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The evolution of sub-contracting under the Procurement Act 2023

24 January 2024
Tim Williams

With the provisions of the Procurement Act 2023 ('Act') set to come into force in October 2024, there are a number of changes to procurement rules relating to sub-contracting that public bodies in the United Kingdom must be aware of. In this article, we outline the key changes and the new requirements public bodies must follow to comply with the new Act.

The change of emphasis in the Act is aimed at ensuring the robustness of the supply chain. The Act wants to leave less to chance by way of setting more emphasis on the importance of testing the capability and reliability of sub-contractors and ensuring that there are strong contractual obligations on sub-contractors. 

Debarment and excluded/excludable suppliers

The first key change to note is that, under section 28 of the Act, public bodies going through the competitive tendering procedure are now obliged to request information about whether suppliers intend to sub-contract the performance of all or part of the public contract and then determine whether the proposed sub-contractor is on the new debarment list (learn more about the debarment list in our article here). If a sub-contractor is on the debarment list, they cannot be awarded a public contract.

Procuring public bodies may also request information on sub-contractors for the purpose of determining whether any intended sub-contractor is an excluded or excludable supplier. If they are, the procuring public body must exclude the sub-contractor from participating in, or progressing as part of, the competitive tendering process. However, public bodies must note that if they do exclude the supplier from the process, they must notify the supplier of their intention to do this and give the supplier a reasonable opportunity to find an alternative sub-contractor with which to sub-contract.

In addition, under section 30, providing a lack of information about a sub-contractor may also lead to a supplier being excluded from a tender process.

Legally binding arrangements between suppliers and sub-contractors 

Under section 72 of the Act, a procuring public body has the right to direct the supplier to enter into a legally binding arrangement with the sub-contractor that is performing all or part of the contract. While this is a discretionary right, requiring a contract to be entered into with a sub-contractor can help to ensure that both parties understand their respective roles and responsibilities, as well as the terms and conditions of the work to be performed. This can help to prevent misunderstandings or disputes from arising later that will adversely impact the procuring public body and provision of the goods and/or services being procured.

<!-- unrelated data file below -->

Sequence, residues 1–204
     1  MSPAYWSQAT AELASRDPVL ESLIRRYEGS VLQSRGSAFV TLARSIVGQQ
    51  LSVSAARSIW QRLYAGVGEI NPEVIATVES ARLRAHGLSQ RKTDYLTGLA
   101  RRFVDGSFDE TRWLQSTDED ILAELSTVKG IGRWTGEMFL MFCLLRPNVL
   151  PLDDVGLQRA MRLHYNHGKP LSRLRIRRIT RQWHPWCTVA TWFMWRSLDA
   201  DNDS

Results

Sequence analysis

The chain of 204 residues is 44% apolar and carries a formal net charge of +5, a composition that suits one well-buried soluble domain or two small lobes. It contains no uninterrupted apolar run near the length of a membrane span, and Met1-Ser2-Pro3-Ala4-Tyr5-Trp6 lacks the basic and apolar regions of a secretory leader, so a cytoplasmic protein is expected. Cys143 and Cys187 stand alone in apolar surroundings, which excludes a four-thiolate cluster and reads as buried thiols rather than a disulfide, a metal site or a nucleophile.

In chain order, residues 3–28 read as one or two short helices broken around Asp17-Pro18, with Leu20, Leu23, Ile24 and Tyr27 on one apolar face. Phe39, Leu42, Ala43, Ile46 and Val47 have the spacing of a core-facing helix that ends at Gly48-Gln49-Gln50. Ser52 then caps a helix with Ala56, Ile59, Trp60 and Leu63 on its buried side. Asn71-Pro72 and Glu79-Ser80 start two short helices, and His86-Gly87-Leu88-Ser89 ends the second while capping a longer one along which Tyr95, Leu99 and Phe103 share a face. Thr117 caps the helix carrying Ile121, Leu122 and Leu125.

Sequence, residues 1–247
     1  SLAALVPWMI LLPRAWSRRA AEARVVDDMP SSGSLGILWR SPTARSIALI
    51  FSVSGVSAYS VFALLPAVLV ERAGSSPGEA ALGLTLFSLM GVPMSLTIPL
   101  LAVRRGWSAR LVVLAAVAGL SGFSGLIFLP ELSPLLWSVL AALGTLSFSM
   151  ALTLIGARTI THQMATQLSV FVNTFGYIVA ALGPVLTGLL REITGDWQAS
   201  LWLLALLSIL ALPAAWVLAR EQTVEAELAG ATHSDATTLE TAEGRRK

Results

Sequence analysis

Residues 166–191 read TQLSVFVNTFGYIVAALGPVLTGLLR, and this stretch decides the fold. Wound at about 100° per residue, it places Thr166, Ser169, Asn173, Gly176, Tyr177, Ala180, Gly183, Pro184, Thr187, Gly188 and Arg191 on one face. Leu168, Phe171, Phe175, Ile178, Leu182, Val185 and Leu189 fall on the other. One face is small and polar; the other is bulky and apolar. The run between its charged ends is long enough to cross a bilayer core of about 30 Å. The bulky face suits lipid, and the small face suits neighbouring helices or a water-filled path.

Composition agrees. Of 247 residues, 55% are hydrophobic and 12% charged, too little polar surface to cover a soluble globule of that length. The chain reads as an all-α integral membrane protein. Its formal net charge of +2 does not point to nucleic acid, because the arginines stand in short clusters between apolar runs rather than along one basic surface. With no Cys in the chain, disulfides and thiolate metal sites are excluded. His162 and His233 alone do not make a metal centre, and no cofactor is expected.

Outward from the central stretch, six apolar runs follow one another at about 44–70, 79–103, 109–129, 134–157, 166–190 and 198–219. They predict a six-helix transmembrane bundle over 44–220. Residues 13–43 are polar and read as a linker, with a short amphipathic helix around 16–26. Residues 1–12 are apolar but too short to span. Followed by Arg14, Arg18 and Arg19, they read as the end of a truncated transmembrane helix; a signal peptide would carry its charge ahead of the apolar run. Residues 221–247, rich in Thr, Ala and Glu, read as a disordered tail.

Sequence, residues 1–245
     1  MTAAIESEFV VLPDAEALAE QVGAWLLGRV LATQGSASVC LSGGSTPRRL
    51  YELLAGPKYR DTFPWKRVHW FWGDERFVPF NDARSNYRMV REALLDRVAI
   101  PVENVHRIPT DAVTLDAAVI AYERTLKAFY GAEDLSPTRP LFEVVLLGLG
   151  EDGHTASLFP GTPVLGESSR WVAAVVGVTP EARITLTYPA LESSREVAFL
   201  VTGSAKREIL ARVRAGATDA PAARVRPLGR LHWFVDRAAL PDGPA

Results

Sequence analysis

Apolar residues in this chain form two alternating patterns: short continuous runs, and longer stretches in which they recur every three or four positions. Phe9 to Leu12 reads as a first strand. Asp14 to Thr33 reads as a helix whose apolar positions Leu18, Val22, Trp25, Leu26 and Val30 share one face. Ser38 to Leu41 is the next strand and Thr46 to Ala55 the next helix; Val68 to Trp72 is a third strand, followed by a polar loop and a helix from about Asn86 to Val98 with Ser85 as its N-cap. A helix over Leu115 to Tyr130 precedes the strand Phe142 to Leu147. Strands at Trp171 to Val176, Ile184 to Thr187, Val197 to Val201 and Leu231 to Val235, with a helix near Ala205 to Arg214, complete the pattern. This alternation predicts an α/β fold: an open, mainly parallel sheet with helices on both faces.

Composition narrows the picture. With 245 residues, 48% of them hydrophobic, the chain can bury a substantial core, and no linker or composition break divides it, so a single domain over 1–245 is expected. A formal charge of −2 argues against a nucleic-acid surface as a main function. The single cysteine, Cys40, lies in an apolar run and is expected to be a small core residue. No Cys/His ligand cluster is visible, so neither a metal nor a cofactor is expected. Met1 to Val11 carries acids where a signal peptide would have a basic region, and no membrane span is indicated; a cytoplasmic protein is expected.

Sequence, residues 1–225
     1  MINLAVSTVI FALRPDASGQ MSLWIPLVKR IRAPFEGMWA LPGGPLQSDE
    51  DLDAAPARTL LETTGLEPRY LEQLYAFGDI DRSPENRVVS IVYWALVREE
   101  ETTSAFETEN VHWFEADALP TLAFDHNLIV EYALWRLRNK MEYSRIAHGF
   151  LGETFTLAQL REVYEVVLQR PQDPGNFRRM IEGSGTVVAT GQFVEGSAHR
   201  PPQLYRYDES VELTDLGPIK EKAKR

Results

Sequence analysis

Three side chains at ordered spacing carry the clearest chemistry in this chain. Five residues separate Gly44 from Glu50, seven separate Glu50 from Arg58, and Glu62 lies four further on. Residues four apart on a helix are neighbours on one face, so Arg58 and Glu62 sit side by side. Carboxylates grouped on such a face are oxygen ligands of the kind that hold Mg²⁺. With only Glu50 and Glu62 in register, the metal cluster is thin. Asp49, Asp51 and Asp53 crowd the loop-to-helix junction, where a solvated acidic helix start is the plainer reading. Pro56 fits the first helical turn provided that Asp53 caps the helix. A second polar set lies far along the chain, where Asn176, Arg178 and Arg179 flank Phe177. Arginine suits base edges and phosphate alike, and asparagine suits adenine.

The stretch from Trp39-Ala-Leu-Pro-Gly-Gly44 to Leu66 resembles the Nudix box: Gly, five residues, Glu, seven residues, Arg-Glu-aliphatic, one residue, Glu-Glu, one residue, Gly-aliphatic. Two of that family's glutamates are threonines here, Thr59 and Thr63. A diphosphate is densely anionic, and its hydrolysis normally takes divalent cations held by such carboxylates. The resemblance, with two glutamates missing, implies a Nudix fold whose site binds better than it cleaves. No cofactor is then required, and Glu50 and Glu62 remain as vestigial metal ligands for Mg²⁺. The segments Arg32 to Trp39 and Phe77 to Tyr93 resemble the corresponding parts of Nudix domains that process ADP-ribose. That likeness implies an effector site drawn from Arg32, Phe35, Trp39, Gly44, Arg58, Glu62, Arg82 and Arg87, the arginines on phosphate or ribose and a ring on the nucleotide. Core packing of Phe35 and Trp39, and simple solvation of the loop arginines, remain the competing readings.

In a scenario where the supplier fails or refuses to enter into a legally binding arrangement with the sub-contractor as requested by the procuring public body, the public body has two options: it can choose not to enter into the contract with the supplier or can instead direct the supplier to enter into a legally binding arrangement with another appropriate sub-contractor. If the contract with the supplier has already been entered into, the procuring public body can terminate the contract.

Non-UK and treaty state sub-contractors

Under section 19(3) of the Act, public bodies who are informed by suppliers of the possibility or intention to sub-contract to a party that is not based in the United Kingdom or a treaty state can disregard any tender submitted by that supplier. This is at each public body’s discretion though – they are not obliged to do so and can choose to proceed with the tender should they so wish.

Implied payment terms

Section 73 of the Act requires public bodies to comply with the implied payment terms that are set out under section 68 of the Act. This means that unless a public body disputes an invoice or considers an invoice invalid, they must pay any sums due under the contract before the end of the period of 30 days beginning with either (a) the day on which an invoice is received, or (b) if later, the day on which the payment falls due in accordance with the invoice. In a scenario where the public body disputes the invoice or considers it invalid, it must notify the payee of this without undue delay. Any contractual term that attempts to restrict or override this implied term under section 68 will be without effect.

It is important for public bodies to get to grips with what changes there are and adapt their processes accordingly, mainly to ensure that there are the resources in place to assess sub-contractors and review the proposed arrangements as part of tender evaluation.

If you have any questions on sub-contracting ahead of the Act coming into force in October 2024, and what you need to do to comply with the Act, please contact Tim Williams at Browne Jacobson, and they can support you.

Key contact

Key contact

Tim Williams

Trainee Solicitor

+44 (0)330 0452317

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